In every era of Indian cricket, there has been ‘the man’ – the one the team turns too, the one the lovers of cricket just cannot avoid watching… And today, Virat Kohli – yes, Sehwag was almost ‘the man’ – but there can only be one ‘man’ on a team, and Sehwag played with Sachin, and nothing more can be said – but Kohli – he not only played with Sachin, he became ‘the man’ on an Indian team with Sachin.
In every era of Indian cricket, there has been ‘the man’ – the one the team turns too, the one the lovers of cricket just cannot avoid watching. He has a special gait, a special style, a grace and a passion in his game – he makes cricket almost bow to him – not quite, but almost – and he makes the greatest game his very own. When I started passionately following Indian cricket in the early 60’s, (Mansoor Ali Khan) Pataudi was the man. Just a photo of him in the papers was enough to get the blood growling. And then I actually saw him play – twice – once in Pune, and once in Bombay (yes, it was still Bombay then) – and then I spent an afternoon with him in Pataudi. He was, for me and crores of others, ‘the man.’ Next, of course, was Gavaskar – and what a man. He took the fight to the opposition camp as no other player ever had, or ever will. He was the pioneer – he taught us how to face fast bowling – not only face it, but defy it and I had the immense joy of not only watching him play many, many times, but actually playing with him – and then working with him. Sunny, you will always be ‘the man’. Then, Sachin – oh, my – I cannot write more about him – except that to be ‘the man’ for 24 years was a feat only he could achieve. And today, Virat Kohli – yes, Sehwag was almost ‘the man’ – but there can only be one ‘man’ on a team, and Sehwag played with Sachin, and nothing more can be said – but Kohli – he not only played with Sachin, he became ‘the man’ on an Indian team with Sachin.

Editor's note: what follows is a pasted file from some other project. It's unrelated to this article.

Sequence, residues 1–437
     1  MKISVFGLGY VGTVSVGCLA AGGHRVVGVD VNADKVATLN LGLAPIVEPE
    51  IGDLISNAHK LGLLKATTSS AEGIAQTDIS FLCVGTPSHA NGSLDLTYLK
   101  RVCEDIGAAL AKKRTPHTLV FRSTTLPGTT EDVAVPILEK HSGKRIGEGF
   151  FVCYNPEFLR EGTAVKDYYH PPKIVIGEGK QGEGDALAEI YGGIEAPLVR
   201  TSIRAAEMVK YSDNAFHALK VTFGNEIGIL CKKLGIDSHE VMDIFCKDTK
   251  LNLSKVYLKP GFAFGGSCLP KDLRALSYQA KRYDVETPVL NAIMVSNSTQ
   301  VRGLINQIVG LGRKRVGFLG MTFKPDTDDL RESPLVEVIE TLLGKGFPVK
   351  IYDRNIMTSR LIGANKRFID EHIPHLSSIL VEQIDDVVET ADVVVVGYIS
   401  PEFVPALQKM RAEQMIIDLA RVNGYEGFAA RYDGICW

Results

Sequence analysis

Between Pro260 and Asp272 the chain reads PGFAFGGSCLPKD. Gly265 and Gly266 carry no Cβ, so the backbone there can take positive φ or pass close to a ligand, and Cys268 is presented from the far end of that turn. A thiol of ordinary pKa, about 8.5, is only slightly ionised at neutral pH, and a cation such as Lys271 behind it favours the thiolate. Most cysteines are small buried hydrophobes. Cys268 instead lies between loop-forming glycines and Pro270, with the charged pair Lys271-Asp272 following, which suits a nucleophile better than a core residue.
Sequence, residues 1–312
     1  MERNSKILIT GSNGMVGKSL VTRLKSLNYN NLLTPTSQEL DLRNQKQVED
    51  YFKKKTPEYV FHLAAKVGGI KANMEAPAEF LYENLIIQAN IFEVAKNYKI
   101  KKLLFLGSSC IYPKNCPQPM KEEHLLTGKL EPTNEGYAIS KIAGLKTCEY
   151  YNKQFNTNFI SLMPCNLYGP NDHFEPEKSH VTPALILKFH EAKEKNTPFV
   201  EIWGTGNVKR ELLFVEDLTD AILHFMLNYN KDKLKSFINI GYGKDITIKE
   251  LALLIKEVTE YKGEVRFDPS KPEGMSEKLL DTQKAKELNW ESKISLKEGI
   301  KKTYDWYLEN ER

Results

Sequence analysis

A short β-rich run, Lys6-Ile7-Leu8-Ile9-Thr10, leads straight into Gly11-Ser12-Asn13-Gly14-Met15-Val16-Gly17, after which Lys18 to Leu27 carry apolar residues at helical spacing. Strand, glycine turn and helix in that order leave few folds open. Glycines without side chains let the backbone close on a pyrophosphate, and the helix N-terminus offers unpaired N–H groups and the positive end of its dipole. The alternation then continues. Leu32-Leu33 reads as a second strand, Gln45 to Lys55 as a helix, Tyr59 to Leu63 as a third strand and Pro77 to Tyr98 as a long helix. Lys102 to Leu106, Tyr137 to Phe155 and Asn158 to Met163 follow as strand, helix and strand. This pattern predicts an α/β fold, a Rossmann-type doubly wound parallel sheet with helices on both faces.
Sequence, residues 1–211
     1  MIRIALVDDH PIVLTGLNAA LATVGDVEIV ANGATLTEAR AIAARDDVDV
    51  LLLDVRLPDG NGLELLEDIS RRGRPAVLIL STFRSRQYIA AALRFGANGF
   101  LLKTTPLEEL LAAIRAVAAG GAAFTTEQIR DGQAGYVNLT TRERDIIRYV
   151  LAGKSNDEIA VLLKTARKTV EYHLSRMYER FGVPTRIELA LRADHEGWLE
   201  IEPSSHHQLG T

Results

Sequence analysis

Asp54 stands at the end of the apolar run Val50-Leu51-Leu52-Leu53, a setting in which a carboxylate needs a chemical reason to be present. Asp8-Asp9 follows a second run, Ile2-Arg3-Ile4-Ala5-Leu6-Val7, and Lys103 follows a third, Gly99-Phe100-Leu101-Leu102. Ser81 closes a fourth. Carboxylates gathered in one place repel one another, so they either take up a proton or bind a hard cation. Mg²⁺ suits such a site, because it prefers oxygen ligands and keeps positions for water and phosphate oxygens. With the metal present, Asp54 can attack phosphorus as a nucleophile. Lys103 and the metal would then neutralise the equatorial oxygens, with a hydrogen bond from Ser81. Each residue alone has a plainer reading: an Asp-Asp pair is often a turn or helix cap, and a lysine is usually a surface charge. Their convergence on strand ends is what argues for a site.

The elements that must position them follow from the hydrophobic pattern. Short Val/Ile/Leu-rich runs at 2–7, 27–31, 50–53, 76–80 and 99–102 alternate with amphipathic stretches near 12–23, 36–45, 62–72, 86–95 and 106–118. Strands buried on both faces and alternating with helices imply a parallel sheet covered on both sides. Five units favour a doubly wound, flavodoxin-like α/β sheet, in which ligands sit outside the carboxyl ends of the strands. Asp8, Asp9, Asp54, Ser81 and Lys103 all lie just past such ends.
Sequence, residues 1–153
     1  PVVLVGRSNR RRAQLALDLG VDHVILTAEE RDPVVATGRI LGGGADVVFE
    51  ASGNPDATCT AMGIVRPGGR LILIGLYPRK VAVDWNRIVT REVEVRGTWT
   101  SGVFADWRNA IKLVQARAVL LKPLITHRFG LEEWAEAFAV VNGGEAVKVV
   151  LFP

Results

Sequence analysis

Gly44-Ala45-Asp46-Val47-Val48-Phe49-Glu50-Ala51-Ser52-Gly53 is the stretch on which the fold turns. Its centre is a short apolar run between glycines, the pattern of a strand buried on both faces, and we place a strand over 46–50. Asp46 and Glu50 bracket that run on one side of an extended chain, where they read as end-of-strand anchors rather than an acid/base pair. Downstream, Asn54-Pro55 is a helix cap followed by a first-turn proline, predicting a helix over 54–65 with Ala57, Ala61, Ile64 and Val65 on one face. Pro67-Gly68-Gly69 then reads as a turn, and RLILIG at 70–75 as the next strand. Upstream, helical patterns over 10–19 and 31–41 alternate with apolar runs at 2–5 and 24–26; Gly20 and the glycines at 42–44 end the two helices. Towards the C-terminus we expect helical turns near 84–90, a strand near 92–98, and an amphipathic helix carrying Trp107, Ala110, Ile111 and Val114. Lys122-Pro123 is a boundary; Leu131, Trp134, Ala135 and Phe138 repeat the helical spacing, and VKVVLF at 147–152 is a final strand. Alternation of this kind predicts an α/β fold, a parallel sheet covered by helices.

Kohli – the lean and powerful angles of his body and bat as he strikes the ball – only ‘the man’ can achieve that unique rhyme and rhythm. Yes, his face seems to modeled to the modern image, but he has now made even that image his own. He attacks, as all ‘men’ must – but he now attacks with both instinct and wisdom – that is the greatness all ‘men’ possess—add to this the fielding skills of almost-a-Pataudi, and you have the complete man. Others fear him, and silently admire him – we love him, and hold him in awe – he is the hub of the team, and of the youth of the nation – when he strikes, crores of hearts both flutter and flame. Yes, I wish he did not do so many ad-films – or if he did, he would avoid stupid ones – or at least ones that lie… But – Kohli is a child of his generation – and to expect him to defy the demands of his generation is too expect a little too much from him. But to watch him bat – as he did so recently in South Afica and New Zealand and then the World T20 — was too watch a warrior who relishes battle. As he twirls his bat after a waft to the leg, or a controlled drive to the off, or a swivel hook, is to watch an artiste twirl his brush, or a warrior his sword. His eyes not only blaze, they beckon – beckon the next ball, the next challenge… the next passion… Virat Kohli is the man…